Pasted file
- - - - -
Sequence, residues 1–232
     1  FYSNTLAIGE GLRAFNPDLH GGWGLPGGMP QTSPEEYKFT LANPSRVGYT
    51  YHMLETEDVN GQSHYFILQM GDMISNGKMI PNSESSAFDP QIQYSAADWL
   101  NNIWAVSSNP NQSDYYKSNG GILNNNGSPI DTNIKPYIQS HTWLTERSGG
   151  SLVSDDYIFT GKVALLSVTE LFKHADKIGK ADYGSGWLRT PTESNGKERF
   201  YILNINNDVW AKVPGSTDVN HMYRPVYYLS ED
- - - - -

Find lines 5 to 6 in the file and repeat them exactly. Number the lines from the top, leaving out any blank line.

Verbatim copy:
   151  SLVSDDYIFT GKVALLSVTE LFKHADKIGK ADYGSGWLRT PTESNGKERF
   201  YILNINNDVW AKVPGSTDVN HMYRPVYYLS ED